Your average Antarctic tourist, though, isn’t exposed much to crevasses, and any hiking, mountaineering, skiing, and snowshoeing outing will be done on scouted routes and with an experienced certified guide and proper gear.
For the most indomitable and intrepid of explorers, the allure of standing at the geographic South Pole is almost impossible to resist, but many are unaware of the lofty heights of Antarctica’s interior and subsequent danger of altitude-related illnesses. To reach the pole, a flight from sea level to the nearby Amundsen-Scott South Pole Station located on the breathtakingly high plateau of Antarctica at 2,835 meters (9,301 feet) above sea level is required. Altitude illness symptoms can occur at elevations anywhere as low as 7,000 feet—indeed in polar regions, hypoxia (inadequate oxygen in the lungs and blood) can even develop at lower altitudes—but the effects of altitude can also be exacerbated by the extreme cold and low barometric pressure prevalent as such high latitudes, so it can actually feel like being at 11,000 feet (3,350 meters) above sea level.
Such an abrupt change in real—let alone perceived—altitude has sometimes lead to high altitude-related illnesses being reported in new arrivals to the station, including Acute Mountain Sickness (AMS) and less commonly High Altitude Pulmonary Edema (HAPE), in some cases resulting in sufferers requiring medical evacuation to McMurdo Station and points north. Famously this exact fate happened to renowned former astronaut Buzz Aldrin, the second person to walk on the moon in 1969, who had to be evacuated from the South Pole in December of 2016 when his medical condition deteriorated. Whilst he was 86 at the time, altitude can affect people of all ages.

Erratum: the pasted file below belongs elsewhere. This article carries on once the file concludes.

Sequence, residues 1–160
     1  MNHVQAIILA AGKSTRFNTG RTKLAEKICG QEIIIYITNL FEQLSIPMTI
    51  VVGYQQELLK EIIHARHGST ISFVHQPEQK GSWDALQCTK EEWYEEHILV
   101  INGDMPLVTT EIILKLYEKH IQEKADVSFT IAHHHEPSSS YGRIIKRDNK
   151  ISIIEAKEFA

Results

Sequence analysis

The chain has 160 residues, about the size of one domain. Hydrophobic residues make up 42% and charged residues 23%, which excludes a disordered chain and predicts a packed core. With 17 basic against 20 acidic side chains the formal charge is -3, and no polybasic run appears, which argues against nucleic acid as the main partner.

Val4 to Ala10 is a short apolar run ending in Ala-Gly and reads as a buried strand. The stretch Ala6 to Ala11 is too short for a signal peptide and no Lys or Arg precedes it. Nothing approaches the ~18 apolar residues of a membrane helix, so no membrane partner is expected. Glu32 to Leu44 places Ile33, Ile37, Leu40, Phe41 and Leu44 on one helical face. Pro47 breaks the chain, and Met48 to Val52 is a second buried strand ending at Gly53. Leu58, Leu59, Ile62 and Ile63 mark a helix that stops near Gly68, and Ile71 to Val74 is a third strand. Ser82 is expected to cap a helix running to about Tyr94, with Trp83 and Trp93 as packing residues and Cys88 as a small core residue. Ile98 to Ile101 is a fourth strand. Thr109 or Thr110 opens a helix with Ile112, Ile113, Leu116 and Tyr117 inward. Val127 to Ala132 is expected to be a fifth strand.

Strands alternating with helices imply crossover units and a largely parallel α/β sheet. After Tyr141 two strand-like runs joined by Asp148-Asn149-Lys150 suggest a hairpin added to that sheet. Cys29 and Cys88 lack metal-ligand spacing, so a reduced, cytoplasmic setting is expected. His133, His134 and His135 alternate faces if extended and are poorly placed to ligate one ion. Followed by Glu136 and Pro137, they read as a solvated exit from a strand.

If you are seeking the extra kudos of visiting the South Pole in Antarctica, to help avoid such complications, where possible a more gradual acclimatization over 3-5 days is advisable, and it is recommended travelers eat a high carbohydrate diet, stay properly hydrated, and avoid overexertion and any depressant drugs like alcohol, nicotine or sleeping pills. Some recommend taking three or four aspirin on the flight to the Pole to ease the headache commonly experienced with altitude, while others find ginkgo or Diamox (acetazolamide) helpful. The extra elevation also elevates our blood pressure, sometimes to such an extent that it exceeds the outside air pressure causing our blood vessels to rupture. To help prevent nosebleeds, travelers often pack their nostrils with vaseline.